so we were moved out of the line by the left flank, and placed in rear of the Tenth Iowa, and out of range of the enemy's shots; remained here about fifteen minutes, when we were again moved forward on to the line to the right of the brigade. The whole line was then moved forward across the open field in the direction of Tunnel Hill, under the redoubled firing of both batteries before mentioned. The air seemed filled with shot and shell, but the line advancing at a quick, and occasionally breaking into the double-quick steps, the shots passed over their mark. About 100 yards below the white house near the railroad tunnel, which was burned during the action, we came within range of the enemy's musketry. We were now advanced double-quick. At a fence near the house spoken of above, we found the remnants of a line that had preceded us; passing this line we took a position along a small hollow in the side of the hill to the left of the burning house. The Tenth Iowa was brought around and formed on our right. I was now ordered to send out a company as skirmishers to be deployed to our front and left. Sent Company G, which immediately became hotly engaged with the enemy. Was next ordered to send two companies to take possession of the outhouses near the burning house, clear out the enemy from the railroad, and watch his movements in that direction. I sent two companies from the right, under Lieutenant-Colonel Sampson. He took his position, when the Tenth Iowa was removed toward the left of the brigade. I now, in compliance with orders, sent another company to re-enforce my skirmishers on the front and left, also re-enforced Lieutenant-Colonel Sampson with two more companies, who was maintaining himself in the position assigned him. To my left was a part of a Pennsylvania regiment, and it seemed to me to their right a space of at least 50 yards, without any line, the enemy's firing increasing in volume and rapidity, and seeming to be advancing in that direction. I became uneasy for my skirmishers, and sent out two more companies to strengthen them. As they were moving forward to deploy, the enemy in overwhelming numbers came rushing down the hill, seemingly completely overpowering the main line to the left. At the same time Lieutenant Wright (aide to General Matthies) came running toward me saying, "Retreat!" "Retreat!"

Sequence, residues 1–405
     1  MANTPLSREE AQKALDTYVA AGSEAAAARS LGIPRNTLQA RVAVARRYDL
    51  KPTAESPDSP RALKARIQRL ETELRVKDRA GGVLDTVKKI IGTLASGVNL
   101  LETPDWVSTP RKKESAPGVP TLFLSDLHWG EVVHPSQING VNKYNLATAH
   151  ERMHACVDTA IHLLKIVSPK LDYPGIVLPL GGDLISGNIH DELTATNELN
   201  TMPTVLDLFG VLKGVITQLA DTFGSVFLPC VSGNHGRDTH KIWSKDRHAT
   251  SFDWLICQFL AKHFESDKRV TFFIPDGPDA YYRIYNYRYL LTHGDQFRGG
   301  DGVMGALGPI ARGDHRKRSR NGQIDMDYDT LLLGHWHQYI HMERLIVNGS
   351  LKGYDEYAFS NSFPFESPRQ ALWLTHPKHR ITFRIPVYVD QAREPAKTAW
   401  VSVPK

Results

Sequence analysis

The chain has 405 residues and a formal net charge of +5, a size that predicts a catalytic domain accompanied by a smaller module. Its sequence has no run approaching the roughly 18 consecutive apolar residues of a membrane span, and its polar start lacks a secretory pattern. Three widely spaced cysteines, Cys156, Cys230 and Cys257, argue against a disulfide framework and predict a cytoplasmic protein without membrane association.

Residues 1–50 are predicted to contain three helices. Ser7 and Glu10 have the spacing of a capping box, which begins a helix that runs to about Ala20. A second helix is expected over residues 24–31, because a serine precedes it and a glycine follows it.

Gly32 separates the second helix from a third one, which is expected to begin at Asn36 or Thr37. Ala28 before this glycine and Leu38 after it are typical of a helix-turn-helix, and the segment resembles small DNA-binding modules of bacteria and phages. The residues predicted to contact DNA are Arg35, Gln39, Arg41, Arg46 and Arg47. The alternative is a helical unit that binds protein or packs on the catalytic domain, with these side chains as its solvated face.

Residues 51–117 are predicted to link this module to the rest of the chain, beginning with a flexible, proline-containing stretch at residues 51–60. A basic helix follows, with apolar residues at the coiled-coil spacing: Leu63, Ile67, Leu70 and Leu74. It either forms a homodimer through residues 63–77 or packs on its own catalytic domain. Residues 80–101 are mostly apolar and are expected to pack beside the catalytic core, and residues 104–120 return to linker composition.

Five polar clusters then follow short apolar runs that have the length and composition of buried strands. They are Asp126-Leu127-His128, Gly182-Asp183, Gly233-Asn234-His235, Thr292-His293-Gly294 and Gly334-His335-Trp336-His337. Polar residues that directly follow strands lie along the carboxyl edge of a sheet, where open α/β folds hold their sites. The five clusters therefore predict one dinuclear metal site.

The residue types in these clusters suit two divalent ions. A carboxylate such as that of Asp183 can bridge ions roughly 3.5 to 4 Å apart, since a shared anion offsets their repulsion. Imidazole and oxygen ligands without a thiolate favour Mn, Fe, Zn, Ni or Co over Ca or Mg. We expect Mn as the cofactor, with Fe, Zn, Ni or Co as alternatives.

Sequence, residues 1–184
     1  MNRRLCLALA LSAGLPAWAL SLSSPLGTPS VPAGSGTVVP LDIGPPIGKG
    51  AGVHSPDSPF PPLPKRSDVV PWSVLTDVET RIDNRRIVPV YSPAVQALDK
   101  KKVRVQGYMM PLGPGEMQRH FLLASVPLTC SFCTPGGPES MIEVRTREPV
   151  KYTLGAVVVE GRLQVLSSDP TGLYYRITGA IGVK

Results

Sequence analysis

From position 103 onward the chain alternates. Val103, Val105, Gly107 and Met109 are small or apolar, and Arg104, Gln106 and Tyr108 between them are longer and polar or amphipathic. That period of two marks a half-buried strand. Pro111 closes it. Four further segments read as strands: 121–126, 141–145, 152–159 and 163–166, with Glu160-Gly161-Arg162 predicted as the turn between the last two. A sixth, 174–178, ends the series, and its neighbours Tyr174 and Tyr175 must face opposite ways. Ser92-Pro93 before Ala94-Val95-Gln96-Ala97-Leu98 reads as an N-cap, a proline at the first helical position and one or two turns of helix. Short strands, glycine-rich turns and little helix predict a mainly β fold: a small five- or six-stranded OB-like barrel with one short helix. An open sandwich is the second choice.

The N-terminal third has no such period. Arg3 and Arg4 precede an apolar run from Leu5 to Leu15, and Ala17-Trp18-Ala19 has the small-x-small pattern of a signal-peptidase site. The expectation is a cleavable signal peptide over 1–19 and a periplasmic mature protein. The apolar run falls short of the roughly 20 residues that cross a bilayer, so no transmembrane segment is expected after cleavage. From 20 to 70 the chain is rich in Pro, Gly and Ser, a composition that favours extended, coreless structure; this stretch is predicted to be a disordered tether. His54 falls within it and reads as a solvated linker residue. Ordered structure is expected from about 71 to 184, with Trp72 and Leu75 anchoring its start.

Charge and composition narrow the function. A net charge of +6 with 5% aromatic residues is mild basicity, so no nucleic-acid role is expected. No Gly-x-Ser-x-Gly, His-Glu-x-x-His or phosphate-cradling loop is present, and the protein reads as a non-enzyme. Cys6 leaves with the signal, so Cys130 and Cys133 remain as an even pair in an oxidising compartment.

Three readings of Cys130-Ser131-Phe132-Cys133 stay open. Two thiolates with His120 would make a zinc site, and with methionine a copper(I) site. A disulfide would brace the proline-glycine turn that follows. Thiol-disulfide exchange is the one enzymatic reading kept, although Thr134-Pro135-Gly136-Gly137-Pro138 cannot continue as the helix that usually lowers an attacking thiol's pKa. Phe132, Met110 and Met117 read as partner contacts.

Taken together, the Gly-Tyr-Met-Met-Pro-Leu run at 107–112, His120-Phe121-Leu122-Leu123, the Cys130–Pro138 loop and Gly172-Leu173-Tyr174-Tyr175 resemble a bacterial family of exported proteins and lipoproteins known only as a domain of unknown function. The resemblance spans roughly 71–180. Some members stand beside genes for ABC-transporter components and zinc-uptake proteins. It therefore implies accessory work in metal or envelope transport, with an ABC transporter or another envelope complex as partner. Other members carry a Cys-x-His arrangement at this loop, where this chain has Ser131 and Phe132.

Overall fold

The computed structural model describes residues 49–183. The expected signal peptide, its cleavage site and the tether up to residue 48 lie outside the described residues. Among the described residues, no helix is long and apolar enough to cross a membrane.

Finding that my weak line (my regiment was now nearly all deployed as skirmishers) was opposed by a force which it would be perfect madness to think of contending with, I gave the order to retreat, but the enemy was now upon us demanding our surrender, and I regret to say many of my men were compelled to submit, including most of the color company and color guard. The colors also fell into their hands. Those who escaped did so through a shower of balls, and yells from the enemy to halt. I went into the action with 227 men and 21 officers, including field and staff. My loss is 2 commissioned officers wounded and 8 missing, including major and adjutant; 2 enlisted men killed, 20 wounded, and 74 missing. Total killed, wounded, and missing, 106.
What remained of the four right companies were rallied by Lieutenant-Colonel Sampson on the edge of the hill and brought inside of our breastworks, where I was reforming the rest of the regiment and brigade. (General Matthies being wounded during the engagement, I was left in command of the brigade.) I then placed him in command of the regiment, which remained inside of the works that night, and on the 26th and 27th marched in pursuit of the enemy as far as Graysville, Ga., and returned to camp on the north bank of the Tennessee River, on the 28th.